April is National Foot Health Awareness Month
If you have diabetes, healthy feet are a priority.
You may have heard that diabetics need to check their feet every day. Why the repetition of diabetic foot care? One of the complications that people with diabetes may develop is neuropathy. Neuropathy is damage to the nerves in your body, especially in your hands and feet, which can cause tingling and numbness. This condition can be serious when you no longer feel being cut or punctured on your feet. People with diabetes are at higher risk of developing infections and once developed, serious infections can lead to amputation of toes or feet.
Follow these suggestions from the National Diabetes Education Program to prevent serious foot problems:
- Check your feet every day. Take care to check between each of your toes and look at the bottom of your feet. Just glancing down at your feet will not reveal small cuts or blisters that might be developing.
- Keep your feet dry, especially between your toes. Bacteria love to live in dark, moist places and between your toes is a perfect place for them to flourish.
- Wash your feet each day. This is a perfect time to check your feet.
- Keep your feet soft. This is important if you have dry skin and develop cracks in your heels. Apply a moisturizing lotion every day to your feet. Lotion the tops, bottoms and heels of your feet. Avoid putting lotion between your toes to keep that area dry.
- When cutting toenails, use care not to clip the skin around the nail. Cut straight across.
- If you cannot reach your feet, ask a family member or caregiver to check them and to cut your nails. You may also make appointments with podiatrists – doctors specializing in foot care.
- Wear well-fitting socks and shoes. Socks or shoes that are too tight may cause misshapen toes or blisters.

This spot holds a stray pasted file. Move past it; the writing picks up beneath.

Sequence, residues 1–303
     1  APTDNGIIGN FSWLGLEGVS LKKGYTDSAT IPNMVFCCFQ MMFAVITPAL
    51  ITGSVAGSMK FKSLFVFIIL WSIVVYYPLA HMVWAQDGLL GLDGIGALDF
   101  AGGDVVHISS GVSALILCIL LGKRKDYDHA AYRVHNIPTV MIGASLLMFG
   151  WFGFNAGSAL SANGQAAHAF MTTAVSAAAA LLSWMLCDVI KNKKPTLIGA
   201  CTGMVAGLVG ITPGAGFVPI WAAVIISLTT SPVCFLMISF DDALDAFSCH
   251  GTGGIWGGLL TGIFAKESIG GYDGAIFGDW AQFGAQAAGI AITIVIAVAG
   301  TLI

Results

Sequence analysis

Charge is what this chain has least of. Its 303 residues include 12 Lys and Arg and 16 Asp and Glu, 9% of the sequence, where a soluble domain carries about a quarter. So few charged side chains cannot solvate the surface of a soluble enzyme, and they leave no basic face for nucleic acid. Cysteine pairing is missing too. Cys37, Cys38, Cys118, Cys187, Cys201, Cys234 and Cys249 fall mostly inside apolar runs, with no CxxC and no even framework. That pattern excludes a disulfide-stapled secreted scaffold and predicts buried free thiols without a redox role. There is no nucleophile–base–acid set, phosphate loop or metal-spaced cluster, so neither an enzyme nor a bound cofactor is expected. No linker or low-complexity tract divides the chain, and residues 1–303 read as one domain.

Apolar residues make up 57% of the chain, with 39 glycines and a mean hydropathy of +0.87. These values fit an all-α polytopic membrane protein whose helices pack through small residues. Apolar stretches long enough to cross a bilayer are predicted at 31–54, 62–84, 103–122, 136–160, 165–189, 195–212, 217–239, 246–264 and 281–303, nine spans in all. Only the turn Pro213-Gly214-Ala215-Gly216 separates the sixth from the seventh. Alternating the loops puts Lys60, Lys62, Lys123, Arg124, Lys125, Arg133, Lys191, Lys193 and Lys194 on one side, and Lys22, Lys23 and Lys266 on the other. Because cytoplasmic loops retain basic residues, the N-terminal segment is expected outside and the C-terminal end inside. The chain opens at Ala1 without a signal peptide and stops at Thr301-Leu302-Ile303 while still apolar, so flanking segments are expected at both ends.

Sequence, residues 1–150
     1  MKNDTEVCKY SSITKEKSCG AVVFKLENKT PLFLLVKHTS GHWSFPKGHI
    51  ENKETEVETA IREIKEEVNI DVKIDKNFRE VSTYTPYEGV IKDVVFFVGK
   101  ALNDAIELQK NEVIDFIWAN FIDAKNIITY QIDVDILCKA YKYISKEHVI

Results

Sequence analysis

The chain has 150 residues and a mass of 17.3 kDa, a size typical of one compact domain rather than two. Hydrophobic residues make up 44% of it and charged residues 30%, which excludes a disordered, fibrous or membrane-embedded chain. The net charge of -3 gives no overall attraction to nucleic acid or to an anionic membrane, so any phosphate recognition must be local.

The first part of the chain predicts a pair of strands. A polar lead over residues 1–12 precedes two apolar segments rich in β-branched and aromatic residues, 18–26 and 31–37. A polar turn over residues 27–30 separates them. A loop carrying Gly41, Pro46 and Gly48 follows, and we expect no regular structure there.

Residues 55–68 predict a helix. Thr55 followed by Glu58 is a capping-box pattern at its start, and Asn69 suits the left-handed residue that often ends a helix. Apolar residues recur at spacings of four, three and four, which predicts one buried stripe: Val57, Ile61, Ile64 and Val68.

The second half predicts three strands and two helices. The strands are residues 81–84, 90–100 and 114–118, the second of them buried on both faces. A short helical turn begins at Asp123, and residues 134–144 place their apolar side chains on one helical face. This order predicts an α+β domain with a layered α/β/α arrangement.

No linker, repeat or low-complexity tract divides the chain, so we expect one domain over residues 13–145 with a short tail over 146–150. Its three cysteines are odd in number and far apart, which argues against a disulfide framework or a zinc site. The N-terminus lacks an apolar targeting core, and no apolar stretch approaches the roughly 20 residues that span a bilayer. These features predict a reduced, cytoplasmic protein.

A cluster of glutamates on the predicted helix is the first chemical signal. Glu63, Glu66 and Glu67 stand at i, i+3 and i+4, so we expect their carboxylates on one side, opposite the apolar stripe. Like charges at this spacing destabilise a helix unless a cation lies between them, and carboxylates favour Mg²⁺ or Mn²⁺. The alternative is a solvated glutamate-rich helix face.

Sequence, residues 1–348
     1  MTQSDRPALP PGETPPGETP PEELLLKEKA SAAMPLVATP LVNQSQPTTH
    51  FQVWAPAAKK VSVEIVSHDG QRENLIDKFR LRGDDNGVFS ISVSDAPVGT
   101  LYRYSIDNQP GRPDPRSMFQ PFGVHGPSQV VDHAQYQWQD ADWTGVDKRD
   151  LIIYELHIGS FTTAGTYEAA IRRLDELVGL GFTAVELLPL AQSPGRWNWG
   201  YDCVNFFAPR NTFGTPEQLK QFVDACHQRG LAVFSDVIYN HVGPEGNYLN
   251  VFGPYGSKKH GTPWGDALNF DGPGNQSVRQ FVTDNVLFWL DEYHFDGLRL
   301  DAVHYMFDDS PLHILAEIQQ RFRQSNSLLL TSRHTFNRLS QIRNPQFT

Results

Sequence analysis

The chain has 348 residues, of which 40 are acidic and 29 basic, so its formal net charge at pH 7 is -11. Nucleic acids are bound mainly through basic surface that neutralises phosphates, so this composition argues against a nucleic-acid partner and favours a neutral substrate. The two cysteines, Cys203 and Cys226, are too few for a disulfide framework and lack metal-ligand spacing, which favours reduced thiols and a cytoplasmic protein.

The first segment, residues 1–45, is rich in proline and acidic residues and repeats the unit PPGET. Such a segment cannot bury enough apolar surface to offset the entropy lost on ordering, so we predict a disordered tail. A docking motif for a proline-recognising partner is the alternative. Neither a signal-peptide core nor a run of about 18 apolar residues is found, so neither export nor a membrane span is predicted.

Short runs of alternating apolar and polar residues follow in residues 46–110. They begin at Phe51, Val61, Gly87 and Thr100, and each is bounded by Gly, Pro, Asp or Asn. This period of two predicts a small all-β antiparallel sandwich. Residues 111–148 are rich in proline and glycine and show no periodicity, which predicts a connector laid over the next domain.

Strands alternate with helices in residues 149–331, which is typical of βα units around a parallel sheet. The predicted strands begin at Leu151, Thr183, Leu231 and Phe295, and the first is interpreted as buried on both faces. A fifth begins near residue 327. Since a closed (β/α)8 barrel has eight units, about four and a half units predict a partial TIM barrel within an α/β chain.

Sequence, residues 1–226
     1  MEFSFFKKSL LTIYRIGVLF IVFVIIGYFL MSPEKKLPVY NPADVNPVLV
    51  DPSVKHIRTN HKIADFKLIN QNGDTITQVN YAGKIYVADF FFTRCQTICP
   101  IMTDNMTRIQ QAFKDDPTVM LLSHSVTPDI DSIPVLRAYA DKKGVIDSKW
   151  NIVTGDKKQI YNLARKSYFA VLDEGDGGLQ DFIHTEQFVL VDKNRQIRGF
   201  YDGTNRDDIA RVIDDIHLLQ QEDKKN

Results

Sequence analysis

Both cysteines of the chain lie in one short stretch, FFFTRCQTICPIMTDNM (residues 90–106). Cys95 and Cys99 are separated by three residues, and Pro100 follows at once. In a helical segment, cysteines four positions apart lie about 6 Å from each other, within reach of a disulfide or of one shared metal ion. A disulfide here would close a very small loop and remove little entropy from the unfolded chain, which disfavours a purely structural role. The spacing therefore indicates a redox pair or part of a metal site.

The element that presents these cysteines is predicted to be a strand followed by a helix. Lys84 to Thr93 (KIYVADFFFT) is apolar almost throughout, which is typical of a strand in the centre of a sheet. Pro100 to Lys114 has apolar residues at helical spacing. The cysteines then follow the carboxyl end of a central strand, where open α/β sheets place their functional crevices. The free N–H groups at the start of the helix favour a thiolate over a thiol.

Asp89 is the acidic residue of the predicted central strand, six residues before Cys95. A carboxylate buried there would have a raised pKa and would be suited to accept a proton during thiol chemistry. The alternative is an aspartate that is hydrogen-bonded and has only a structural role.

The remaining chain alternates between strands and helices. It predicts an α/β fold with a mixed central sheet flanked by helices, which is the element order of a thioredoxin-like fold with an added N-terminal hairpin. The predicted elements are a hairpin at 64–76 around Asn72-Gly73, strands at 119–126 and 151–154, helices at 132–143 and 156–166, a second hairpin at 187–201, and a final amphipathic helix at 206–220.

In addition to daily foot care, you need to have your health care provider or a foot doctor examine your feet once a year as part of your diabetes wellness check-up. Doctors can check your feet to see if there is any loss of feeling and to check foot pulse for good blood flow.
Michigan State University Extension recommends these tips to help keep your diabetes under control and reduce your risk of foot problems:
- Plan healthy meals according to your diabetes meal plan. Don’t have one? Check with your health care provider for a referral to a registered dietician or diabetes educator in your area.
- Exercise every day. Walking is one of the easiest and least costly exercises and is perfect for keeping the blood flowing to your feet.
- Can’t walk? Move your feet several times a day. You can make circles to the left and to the right, bend your feet forward and backward, and wiggle your toes. These movements will keep your circulation flowing.
Diabetes complications don’t have to happen. Take time every day to check your feet. Keeping your feet healthy keeps you healthy.
For more information on living a healthy lifestyle, contact your local MSU Extension office.